the fall of XPath over filesystem

Many XPath tutorials use file paths as an analogy of XPath. While it is ok from a high-level point of view, the analogy is misleading and actual technical implementations (one, another, my) are kludge (at least, my implementation). Here are some issues.

The first one is the user interface. When a node (a file) is matched, what should be printed to the user:

/usr/bin/find, or

Other issues are technical.

The second issue. The file system isn’t a tree. There are symbolic links. On the one hand, as user, I want that XPath “.//*[match(name(),'*.c')]” find matches in the folder “src”, even if this folder is actually a symbolic link. On the other hand, symbolic links can create hardly detectable infinite loops.

Third. File systems have many features. One of them allows to create a folder, for which one can’t get the list of the children files, but one can enter to a subdirectory if the name is known. Let’s have a site in the folder “/var/web/pub/uVc7k/” and “pub” is a such folder. Then XPath “//*[match(name(),'*.html')]” doesn’t find HTML files of the site.

Fourth. XPath tutorials suggest nice XPath expressions like “/usr/bin/find“. Unfortunately, actual expressions look like /node[name()='usr']/node[name()='bin']/node[name()='find']. Indeed, file names are not limited to the ASCII letters and digits.

Fifth, the situation is even worse. Many file systems allow to use any characters for file names, excluding “\000” and “/”, but including the symbols with codes “\001”, “\002” etc, which are forbidden in XML.

Sixth. Finally, the main. I just don’t see what a practical problem can be solved using XPath over file system. I hope I overlooked something.

3 Responses to “the fall of XPath over filesystem”

  1. 123Philippe Poulard Says:

    I think that the 3 first issues are not related specifically to XPath: any tool that have to deal with file systems should propose a solution to these issues.

    The fourth point is somewhat unsettling ; I simply wouldn’t use a system that would write paths like this : /node[name()=’usr’]/node[name()=’bin’]/node[name()=’find’] ; my own implementation do really understand paths like this : /usr/bin/find

    The fifth point is a real problem ; although files with codes like “01″, “02″ can’t be named in XPath expressions, they can be handled anyway (“//*”). I have encountered that issue with legal XML characters that are illegal in XML names, and for such a case I use the alternative syntax *[name()=’my file’] (as “my file” contains a white space) ; codes like “01″, “02″ could be escaped ; fortunately, these cases occur rarely.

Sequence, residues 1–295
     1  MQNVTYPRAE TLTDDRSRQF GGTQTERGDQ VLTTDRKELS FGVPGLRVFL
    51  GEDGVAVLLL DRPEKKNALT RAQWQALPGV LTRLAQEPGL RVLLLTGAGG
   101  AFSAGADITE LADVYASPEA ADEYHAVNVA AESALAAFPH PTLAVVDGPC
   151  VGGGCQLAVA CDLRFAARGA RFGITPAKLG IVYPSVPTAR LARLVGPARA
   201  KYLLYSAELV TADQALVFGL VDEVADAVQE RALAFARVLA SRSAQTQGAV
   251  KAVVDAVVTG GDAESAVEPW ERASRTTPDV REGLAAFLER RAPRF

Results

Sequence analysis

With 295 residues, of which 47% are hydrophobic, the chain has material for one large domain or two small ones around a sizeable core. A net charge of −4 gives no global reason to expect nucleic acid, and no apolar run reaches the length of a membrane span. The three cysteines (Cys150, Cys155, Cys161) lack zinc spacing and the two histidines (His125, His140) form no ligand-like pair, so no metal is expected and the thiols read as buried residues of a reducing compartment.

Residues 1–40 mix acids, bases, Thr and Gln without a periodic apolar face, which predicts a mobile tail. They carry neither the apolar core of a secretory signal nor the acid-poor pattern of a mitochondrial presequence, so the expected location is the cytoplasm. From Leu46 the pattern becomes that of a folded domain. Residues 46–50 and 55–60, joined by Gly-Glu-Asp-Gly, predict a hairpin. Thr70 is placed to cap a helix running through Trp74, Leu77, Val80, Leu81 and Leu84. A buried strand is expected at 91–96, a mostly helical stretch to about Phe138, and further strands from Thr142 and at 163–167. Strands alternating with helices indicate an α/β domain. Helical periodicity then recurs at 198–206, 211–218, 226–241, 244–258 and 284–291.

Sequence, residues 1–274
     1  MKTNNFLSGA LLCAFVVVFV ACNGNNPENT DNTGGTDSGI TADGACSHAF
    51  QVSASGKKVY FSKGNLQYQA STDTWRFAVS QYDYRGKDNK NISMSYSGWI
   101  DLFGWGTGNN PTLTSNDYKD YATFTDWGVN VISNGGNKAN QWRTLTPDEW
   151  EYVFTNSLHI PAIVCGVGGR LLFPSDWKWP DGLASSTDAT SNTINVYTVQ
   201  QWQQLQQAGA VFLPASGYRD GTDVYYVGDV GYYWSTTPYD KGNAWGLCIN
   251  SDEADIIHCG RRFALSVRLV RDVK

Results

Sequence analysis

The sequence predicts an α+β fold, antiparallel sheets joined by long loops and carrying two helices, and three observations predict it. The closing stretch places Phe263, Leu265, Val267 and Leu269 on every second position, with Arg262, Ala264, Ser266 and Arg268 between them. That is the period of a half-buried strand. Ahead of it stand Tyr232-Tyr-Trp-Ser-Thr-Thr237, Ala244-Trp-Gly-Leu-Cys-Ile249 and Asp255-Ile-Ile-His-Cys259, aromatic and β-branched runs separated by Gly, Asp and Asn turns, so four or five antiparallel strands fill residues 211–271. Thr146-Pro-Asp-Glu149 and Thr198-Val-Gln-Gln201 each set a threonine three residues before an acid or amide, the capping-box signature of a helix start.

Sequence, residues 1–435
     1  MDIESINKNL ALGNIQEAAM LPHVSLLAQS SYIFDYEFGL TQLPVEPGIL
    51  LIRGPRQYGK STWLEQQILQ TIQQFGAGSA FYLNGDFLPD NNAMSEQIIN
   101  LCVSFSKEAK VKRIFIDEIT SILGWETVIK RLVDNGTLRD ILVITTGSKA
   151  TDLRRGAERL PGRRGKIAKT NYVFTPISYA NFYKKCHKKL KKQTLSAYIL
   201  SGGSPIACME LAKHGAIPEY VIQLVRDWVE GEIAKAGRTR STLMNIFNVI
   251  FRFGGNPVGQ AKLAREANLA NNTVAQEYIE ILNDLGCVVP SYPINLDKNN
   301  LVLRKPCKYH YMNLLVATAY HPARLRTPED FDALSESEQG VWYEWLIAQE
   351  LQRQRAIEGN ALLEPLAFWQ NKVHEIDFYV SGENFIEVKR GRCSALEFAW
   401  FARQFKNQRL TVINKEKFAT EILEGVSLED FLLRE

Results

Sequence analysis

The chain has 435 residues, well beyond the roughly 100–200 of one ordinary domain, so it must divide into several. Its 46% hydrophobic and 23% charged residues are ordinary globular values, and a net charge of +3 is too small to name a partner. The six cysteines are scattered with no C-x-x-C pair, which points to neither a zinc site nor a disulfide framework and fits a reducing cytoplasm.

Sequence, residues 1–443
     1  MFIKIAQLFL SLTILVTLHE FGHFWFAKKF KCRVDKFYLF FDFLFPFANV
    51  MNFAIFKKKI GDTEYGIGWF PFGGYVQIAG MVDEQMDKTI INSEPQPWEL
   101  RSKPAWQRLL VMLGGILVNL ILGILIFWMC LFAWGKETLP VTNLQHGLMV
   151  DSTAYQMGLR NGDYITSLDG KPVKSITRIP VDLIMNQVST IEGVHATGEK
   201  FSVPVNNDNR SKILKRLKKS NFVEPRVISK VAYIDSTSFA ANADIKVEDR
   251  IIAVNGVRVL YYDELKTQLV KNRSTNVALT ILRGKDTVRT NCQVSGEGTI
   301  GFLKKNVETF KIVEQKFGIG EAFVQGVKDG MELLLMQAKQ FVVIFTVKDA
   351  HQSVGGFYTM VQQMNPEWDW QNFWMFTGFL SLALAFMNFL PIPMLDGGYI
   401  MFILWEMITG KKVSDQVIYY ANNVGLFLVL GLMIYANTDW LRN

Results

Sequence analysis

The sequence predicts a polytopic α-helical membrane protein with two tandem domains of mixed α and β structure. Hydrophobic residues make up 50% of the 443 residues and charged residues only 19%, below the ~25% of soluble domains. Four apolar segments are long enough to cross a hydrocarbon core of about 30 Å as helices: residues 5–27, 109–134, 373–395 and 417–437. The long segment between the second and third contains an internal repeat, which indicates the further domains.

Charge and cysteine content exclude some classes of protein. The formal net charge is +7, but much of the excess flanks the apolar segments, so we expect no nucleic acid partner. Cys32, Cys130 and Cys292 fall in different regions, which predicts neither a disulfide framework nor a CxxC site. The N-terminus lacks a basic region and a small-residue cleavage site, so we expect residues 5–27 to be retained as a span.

Sixth, I agree that using XPath on the command line to handle files won’t help much more than the usefull “find”-like commands. However, using it on another environment may help ; for example, instead of using numerous elements that define file sets in Ant (<fileset>, <dirset>, <include>, <exclude> etc and other ugly things like “**/*.jar”) we could consider XPath expression instead (this is an exercice that I have submitted to my students).

    To conclude, my own experience on using XPath to walk through file systems is a success, certainly because I used it with a real XML-based system. When I have a set of XML files to transform with XSLT, I write it simply like this :

    <xcl:for-each name="file"
      select="{ io:file('/path/to/dir')//*[@io:is-file] }">
         <xcl:transform source="{ $file }"
             output="{ substring-before( $file/@io:path , '.xml' ) }.html"

    This is an appropriate solution on an appropriate system.

  2. olpa Says:

    Philippe, thanks for commenting. It have led me to re-thinking on the subject.

    I do agree that any reasonable implementation should support paths like /usr/bin/find. Mine supports too.

    The problem with codes \001, \002 etc also can be workarounded. Most systems check for bad symbols only when parsing XML, and don’t check when manipulating XML in memory.

    By mentioning Ant and your XSLT example, you’ve convinced me that practical use cases for XPath over filesystem do exist. Nice.

    In short, each issue in my list isn’t a showstopper and can be workarounded. But I still insist that XPath over filesystem has failed, at least for my goals. The problem, which I failed to formulate in the original post, is the leaky abstraction. (For several minutes, I was distracted by re-reading “The Law of Leaky Abstractions“.) All that small problem, taken all together, lead to the leaky abstraction.

    Initially, my XPath over filesystem was developed as a reference implementation for deploying my XML Virtual Machine. Unfortunately, the leakage caused bothering about lots of unrelated details instead of actual deploying.

    And I still have no good practical idea for a reference implementation.

  3. olpa Says:

    From a private comment by Erik Wilde (one of the authors of “XPath Filename Expansion in a Unix Shell“):

    interesting. partly, you are right. and this is the reason why we decided to not let the user enter the xpath directly. instead, we created an xpath-like syntax which is then mapped internally to a real xpath. /node[name()=_usr_]/node[name()=_bin_]/node[name()=_find_] can be avoided this way, or even better, we don’t even use the xml element name for carrying the file name, so we don’t have problems with characters which are nor allowed in xml names. however, characters whcih are not allowed in *xml* still are a problem…

    so why could it be useful? i think that as a productivity tool, it could be quite useful for sysadms and other power users, but we also never got around to implementing enough adaptors to make it really interesting…

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